Courtney Boyd Myers
Courtney Boyd Myers is the founder of audience.io, a transatlantic company designed to help New York and London based technology startups gr Courtney Boyd Myers is the founder of audience.io, a transatlantic company designed to help New York and London based technology startups grow internationally. Previously, she was the Features Editor and East Coast Editor of TNW covering New York City startups and digital innovation. She loves magnets + reading on a Kindle. You can follow her on Facebook, Twitter @CBM and Google +.
After getting stuck in Paris’ snowstorm (see Dennis’ photo on the right), Dennis Crowley makes it to LeWeb for his Q&A with its charismatic founder Loic Le Meur.
“Have you unlocked your Foursquare LeWeb badge?” Le Meur asks the audience. Nearly everyone in the audience at LeWeb raised their hand, a room of Foursquare users, including Google’s Marissa Mayer.
Last week, Foursquare reached 5 million users. The service is growing by 25,000 users a day with an average of 2 million check-ins a day. (The average Foursquare user checks-in 3-4 times a day.) Foursquare’s current user base is 60% U.S. and 40% International with concentrations in cities like London, Paris and Buenos Aires (a city I single-handedly convinced to join Foursquare).
In its Series A round, Foursquare raised just over $1million dollars, enabling them to hire 8 people. Months later, they raised $20 million in Series B, which Le Meur suggested was raised by refusing an acquisition by Facebook. Now, 34 year-old Dennis Crowley runs a 40-person company in the ballpark of $140- $150 million.
“Foursquare is growing and it’s growing fast. We know what the roadmap looks like, it’s just a matter of getting enough people in the room to execute everything,” says Crowley.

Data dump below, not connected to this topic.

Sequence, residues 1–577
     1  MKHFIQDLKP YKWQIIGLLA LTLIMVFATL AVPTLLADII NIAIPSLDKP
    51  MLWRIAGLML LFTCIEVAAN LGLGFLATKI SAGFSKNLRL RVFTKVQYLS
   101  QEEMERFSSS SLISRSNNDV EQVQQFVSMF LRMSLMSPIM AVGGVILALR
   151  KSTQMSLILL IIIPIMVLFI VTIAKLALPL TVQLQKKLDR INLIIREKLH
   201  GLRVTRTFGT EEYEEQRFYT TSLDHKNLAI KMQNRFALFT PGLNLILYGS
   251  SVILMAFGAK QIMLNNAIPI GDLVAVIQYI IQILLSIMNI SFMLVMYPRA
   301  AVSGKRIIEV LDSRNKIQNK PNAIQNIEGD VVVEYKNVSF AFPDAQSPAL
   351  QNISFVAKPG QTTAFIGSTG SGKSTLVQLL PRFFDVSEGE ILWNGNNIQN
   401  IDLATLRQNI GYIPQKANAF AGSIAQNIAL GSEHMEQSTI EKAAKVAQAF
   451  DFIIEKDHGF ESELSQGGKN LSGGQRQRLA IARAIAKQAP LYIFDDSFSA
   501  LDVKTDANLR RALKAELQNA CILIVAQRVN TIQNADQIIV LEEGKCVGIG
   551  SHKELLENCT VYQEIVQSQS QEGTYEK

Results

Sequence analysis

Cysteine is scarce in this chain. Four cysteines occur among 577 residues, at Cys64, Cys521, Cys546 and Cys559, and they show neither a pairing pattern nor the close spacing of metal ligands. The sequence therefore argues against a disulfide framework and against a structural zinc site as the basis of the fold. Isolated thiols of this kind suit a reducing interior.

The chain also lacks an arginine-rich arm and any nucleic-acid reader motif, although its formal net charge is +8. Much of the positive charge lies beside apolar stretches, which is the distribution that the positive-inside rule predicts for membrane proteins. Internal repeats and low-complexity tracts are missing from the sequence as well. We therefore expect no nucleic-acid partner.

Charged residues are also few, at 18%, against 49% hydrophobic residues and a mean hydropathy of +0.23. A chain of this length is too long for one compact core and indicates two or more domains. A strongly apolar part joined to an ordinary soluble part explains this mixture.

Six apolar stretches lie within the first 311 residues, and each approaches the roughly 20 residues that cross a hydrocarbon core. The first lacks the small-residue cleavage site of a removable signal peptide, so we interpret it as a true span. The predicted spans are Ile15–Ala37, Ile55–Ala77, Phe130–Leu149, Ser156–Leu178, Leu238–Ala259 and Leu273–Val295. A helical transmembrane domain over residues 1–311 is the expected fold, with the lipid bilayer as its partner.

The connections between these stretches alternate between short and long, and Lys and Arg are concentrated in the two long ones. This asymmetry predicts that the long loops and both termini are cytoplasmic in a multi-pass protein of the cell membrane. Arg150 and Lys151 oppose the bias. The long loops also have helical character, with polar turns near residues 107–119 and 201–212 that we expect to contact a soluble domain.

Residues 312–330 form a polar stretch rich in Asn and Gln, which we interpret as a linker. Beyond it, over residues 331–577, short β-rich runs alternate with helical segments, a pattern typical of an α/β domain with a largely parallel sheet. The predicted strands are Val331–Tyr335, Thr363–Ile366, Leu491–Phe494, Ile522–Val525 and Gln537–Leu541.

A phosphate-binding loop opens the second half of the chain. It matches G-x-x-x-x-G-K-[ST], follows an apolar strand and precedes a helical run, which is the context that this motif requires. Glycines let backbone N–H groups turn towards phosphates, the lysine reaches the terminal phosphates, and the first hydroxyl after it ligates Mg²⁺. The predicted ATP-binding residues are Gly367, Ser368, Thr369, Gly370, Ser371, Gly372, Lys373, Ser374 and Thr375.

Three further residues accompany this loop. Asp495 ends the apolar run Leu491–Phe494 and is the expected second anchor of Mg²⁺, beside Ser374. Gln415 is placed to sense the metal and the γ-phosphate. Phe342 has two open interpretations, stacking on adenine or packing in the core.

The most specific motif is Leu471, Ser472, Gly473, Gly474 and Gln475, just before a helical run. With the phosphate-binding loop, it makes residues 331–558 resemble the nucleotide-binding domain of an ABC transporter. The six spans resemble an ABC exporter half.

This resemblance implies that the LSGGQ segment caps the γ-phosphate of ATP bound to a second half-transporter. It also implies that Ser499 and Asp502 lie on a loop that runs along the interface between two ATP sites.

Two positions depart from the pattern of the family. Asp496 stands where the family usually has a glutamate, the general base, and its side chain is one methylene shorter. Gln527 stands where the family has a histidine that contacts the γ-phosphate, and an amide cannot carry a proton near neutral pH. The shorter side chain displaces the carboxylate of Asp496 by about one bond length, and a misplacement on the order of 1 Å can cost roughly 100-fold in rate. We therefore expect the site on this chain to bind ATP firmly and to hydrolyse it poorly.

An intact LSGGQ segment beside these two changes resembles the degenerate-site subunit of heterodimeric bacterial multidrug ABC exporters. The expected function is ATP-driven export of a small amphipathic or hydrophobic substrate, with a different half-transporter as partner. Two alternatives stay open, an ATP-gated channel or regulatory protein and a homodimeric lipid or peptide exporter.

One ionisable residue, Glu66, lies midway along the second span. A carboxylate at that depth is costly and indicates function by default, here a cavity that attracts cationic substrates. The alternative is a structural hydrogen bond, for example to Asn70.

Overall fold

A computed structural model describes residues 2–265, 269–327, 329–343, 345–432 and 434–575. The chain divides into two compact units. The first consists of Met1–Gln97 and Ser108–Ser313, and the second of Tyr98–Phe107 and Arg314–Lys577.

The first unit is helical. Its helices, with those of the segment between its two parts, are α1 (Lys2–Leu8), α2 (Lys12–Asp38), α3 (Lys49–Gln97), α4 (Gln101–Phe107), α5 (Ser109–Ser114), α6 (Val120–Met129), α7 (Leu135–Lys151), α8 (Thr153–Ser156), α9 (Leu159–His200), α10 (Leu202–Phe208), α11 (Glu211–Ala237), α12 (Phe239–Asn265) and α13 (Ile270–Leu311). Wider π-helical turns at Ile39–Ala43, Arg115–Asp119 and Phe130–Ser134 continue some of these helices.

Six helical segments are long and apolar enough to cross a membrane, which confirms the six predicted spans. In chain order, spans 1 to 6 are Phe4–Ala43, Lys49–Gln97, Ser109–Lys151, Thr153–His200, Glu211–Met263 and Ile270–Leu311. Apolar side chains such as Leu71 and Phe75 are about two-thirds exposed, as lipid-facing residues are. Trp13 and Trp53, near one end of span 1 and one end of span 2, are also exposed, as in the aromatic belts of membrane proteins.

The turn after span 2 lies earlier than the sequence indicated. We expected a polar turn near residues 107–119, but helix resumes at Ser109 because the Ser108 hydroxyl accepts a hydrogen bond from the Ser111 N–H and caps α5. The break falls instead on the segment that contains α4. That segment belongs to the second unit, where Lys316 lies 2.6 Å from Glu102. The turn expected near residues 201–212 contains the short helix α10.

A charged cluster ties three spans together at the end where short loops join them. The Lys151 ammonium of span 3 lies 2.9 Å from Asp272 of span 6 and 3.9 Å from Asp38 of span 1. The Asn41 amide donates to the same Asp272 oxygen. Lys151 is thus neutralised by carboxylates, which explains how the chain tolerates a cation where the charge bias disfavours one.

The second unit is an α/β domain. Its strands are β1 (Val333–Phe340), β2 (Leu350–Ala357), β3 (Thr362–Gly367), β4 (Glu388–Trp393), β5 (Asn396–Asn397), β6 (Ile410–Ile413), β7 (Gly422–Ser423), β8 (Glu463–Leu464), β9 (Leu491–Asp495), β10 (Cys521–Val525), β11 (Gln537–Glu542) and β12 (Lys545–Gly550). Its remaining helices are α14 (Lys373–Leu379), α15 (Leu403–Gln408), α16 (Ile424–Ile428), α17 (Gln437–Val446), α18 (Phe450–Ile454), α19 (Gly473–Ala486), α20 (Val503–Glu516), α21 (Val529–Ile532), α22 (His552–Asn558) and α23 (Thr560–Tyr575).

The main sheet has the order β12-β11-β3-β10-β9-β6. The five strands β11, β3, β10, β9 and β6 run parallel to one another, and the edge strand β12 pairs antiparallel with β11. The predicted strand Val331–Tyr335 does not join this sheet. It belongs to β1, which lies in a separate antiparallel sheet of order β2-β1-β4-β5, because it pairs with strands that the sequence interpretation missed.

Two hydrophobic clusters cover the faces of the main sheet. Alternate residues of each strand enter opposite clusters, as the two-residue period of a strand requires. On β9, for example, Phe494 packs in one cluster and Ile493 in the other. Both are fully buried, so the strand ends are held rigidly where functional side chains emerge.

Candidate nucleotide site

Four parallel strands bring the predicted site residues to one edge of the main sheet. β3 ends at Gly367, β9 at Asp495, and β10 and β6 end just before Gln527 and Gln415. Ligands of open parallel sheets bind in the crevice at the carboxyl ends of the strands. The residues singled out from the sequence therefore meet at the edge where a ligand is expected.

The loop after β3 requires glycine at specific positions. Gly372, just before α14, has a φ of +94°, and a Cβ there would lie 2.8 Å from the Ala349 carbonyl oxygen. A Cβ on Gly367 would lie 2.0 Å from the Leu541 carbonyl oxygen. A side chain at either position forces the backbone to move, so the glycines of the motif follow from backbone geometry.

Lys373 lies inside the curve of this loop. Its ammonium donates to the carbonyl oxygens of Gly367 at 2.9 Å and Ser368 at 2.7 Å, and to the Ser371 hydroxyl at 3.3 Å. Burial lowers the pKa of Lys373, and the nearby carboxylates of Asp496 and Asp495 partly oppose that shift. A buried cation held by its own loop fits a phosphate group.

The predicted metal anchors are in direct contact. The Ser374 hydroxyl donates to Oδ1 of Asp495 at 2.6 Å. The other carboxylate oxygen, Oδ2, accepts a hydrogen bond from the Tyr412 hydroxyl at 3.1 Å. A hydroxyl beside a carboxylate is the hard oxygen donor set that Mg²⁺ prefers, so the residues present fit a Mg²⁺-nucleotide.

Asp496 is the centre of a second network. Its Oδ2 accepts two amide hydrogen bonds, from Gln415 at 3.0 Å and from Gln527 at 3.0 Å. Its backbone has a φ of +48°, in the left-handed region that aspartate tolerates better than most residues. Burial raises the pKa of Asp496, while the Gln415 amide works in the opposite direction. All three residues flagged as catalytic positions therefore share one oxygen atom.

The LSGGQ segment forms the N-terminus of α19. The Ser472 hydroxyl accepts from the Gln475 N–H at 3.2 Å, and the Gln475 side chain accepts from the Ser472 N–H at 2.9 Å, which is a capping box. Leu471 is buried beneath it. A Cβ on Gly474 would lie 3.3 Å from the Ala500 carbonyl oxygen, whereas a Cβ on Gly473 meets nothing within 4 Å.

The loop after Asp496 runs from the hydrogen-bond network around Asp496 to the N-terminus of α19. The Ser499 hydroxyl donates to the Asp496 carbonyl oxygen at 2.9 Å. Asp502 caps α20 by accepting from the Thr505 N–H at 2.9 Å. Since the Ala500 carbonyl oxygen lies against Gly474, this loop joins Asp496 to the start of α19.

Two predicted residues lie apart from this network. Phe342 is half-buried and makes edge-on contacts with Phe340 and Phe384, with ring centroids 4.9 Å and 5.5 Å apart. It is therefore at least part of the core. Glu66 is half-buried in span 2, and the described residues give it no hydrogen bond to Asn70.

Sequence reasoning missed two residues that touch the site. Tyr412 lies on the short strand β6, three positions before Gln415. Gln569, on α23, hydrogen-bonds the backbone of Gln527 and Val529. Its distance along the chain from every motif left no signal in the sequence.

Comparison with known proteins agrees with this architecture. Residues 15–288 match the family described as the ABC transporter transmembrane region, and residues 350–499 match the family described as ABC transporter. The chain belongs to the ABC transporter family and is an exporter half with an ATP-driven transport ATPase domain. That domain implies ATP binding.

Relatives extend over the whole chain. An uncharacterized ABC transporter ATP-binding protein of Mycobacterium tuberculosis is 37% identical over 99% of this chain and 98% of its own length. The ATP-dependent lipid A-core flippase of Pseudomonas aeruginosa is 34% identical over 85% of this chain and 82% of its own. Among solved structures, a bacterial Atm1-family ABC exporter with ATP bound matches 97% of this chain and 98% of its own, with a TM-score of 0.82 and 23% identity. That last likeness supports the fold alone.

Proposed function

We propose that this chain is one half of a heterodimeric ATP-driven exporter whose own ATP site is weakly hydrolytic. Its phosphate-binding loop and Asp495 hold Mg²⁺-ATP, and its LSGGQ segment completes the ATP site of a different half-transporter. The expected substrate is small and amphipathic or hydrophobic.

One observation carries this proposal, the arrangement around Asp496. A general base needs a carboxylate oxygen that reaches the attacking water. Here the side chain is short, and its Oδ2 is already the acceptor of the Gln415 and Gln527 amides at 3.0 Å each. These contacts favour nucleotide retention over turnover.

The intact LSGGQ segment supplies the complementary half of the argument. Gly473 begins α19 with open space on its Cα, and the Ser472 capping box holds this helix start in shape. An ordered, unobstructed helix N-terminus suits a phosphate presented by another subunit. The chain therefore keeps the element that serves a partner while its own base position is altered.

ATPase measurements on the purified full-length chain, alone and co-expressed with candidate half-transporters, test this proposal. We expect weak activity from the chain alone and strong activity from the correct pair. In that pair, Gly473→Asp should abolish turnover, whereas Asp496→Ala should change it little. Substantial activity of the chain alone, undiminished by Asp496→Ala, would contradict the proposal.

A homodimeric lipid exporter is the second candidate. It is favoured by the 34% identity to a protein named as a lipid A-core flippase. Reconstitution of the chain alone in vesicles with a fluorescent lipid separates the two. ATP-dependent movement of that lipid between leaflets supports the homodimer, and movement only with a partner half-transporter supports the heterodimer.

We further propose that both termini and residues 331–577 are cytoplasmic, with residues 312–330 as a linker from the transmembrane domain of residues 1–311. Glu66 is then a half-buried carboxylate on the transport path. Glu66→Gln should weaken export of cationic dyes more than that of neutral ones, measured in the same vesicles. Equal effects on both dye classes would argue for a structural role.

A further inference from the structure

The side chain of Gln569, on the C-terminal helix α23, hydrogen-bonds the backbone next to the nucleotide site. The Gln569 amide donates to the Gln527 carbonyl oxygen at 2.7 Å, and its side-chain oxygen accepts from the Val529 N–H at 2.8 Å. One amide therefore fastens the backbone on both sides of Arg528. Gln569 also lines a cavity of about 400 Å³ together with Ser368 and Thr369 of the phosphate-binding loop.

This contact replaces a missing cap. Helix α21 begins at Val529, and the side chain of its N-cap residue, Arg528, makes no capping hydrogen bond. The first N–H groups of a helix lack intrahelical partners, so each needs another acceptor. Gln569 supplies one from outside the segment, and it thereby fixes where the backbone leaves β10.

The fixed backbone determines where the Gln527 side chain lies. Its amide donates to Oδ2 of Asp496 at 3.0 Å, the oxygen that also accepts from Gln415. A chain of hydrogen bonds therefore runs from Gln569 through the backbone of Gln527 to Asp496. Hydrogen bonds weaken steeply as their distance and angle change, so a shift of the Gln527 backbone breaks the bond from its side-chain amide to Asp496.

In a few questions from the crowd, Crowley outlined his purpose, determination and sensitivity. How would Crowley make the world a better place? “I really enjoy building products. We never set out to make companies,” he answers. “There are things that are broken about the way we are connecting in the real world. We built Foursquare to find a way to remember the things you want to do and to make your experiences richer.”
As far as competition with Facebook? Since the inception of Dodgeball, Crowley has seen a slew of similar check-in type platforms. “I don’t think people have the same approach we do,” he explains. Crowleys aims to make the world a little more fun through game mechanics, which he believes will keep Foursquare unique and independent– at least, for now. “We’re building a platform for connecting people. We’re seeing more and more platforms pushing check-ins to us, like Foodspotting and Instagram. But we’re still in the plumbing business.”
One of the emotional highlights was seeing Crowley get a little chocked up when a young technologist named Daniel from Siberia pitched his location-based scavenger prototype. “It’s difficult to build a platform on Twitter in a country where nobody has ever heard of Twitter,” he said.
Expect international announcements like local language editions from Foursquare in a month’s time. But first, Foursquare has to coordinate efforts between its existing New York offices and its new office in San Francisco. And they are hiring, rapidly. Check out Foursquare.com/jobs for more info.
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